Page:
The Downward Spiral

The brain adapts and changes and learns to be very good at protecting you from anything that might be dangerous to your tissues – the pain typically persists, spreads, gets worse and more simple movements hurt and more “emotional” upsets even minor ones can increase your pain.

Key Things:

  • Amount of pain you feel does not necessarily relate to or indicate the amount of tissue damage, for example a paper cut can hurt a great deal.
  • Amount of degeneration or damage seen on x-ray, MRI or ultrasound does not necessarily indicate pain experience. Some changes can be ‘normal’ age related changes and in fact are not the cause of the pain being experienced.
  • Signs of pathology on x-ray does not mean your pain won’t settle and lack of findings does not mean your pain is not real, it is.
  • Anyone can develop chronic pain. Persistent pain is not a normal part of ageing and treatment for it should be sought.
  • Early intensive treatment of sudden and severe pain may reduce the odds of it developing into chronic pain (metronicneuro, 2017)


Butler, D., & Moseley, G. Lorimer. (2013). Explain pain (Second ed.) Metronicneuro. (2017). www.medtronicneuro.com.au Precisionascend. (2015). Explaining pain. Retrieved from http://www.precisionascend.com.au/index.html

Management of Your Persistent Pain

Education and understanding pain are critical for you to overcome your pain and return to a fulfilling life. It is now known that understanding more about why things hurt can help people to overcome their pain, by giving them the knowledge to take control and challenge their pain.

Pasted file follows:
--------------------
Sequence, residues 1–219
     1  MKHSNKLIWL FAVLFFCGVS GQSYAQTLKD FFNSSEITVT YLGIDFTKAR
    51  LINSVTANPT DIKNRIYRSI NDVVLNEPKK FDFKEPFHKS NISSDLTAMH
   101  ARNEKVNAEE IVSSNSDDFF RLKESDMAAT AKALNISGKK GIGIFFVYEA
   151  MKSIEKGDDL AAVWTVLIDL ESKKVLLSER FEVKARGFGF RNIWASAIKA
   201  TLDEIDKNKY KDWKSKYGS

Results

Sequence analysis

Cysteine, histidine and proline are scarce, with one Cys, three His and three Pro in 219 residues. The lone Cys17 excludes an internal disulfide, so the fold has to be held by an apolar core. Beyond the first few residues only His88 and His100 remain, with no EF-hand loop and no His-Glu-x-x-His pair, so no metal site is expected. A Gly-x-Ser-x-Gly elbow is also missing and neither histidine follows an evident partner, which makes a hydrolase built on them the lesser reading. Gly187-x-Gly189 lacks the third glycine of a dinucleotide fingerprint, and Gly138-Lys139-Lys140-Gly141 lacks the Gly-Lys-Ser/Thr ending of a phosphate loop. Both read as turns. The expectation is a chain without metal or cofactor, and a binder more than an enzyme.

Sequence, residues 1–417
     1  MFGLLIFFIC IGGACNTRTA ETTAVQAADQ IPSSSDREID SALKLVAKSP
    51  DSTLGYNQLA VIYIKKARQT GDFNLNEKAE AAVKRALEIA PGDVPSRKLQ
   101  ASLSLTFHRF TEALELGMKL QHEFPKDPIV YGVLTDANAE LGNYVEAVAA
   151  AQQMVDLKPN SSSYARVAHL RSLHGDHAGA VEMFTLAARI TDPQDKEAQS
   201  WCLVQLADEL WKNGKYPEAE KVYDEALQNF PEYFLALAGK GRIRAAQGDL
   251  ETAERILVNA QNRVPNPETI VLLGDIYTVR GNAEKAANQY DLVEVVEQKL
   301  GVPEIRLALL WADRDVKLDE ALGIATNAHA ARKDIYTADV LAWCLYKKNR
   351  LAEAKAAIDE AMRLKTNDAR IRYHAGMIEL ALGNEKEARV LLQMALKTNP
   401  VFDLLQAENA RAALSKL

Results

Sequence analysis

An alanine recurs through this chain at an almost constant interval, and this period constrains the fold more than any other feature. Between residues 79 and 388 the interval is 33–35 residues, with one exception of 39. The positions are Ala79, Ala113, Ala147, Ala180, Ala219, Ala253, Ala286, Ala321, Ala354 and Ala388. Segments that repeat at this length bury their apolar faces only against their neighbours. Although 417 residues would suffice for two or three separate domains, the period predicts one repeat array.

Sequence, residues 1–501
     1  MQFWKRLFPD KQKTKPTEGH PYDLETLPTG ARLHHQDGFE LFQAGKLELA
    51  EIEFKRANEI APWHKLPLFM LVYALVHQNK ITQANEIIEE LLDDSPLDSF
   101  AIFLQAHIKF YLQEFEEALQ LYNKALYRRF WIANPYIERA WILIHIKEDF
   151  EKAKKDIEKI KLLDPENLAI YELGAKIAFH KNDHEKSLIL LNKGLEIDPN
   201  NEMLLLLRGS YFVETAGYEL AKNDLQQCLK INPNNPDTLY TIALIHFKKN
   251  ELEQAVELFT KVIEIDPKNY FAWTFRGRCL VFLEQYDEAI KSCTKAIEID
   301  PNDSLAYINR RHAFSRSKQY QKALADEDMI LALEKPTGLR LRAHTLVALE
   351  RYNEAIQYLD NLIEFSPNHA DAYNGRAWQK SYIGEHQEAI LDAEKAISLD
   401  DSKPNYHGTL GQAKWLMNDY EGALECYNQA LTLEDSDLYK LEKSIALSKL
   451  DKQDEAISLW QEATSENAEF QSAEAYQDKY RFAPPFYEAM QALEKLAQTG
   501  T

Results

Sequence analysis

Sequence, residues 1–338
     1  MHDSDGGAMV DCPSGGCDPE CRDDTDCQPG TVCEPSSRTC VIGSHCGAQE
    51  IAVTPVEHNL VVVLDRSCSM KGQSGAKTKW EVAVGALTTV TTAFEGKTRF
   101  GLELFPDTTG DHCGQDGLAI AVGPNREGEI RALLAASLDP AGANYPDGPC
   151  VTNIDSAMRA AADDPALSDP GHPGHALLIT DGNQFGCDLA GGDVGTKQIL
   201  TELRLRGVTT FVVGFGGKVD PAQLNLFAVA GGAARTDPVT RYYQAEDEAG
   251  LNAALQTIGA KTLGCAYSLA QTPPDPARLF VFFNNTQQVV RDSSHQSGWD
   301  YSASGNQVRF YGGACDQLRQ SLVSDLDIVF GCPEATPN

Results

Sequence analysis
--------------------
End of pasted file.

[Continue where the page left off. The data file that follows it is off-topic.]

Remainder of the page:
An important part of you taking control is having an active and central role in your management. Hampton Park Physio’s concept of self-management is that you the patient is empowered to make decisions regarding the treatment and self-management strategies that most assist you optimize your ability to manage your condition.

The Upward Spiral

Exercise and increased activity over time can be used to overcome the “downward spiral”. The “upward spiral” illustrates the steps involved and the benefits that will come when you persist with a well-designed exercise program.

Things that can help you take control


Standing Think tall, chest lifted, shoulders relaxed, chin tucked in and head level. Posture should be stable, balanced and relaxed. Sitting Don’t stay seated too long, ideally no more than 20 minutes. Stand up, stretch and move around. Sit tall with your back supported, and ensure your workstation or computer are correctly positioned.


Important Points to Remember For Success with Your Exercise Program:
  • Accept that an exercise program is unlikely to take away/’cure” your persistent pain but it can help you do more and feel better than if you don’t keep active. Research shows that the more exercise an injured person performs the less pain behaviours that they exhibit. (Monagle 2016)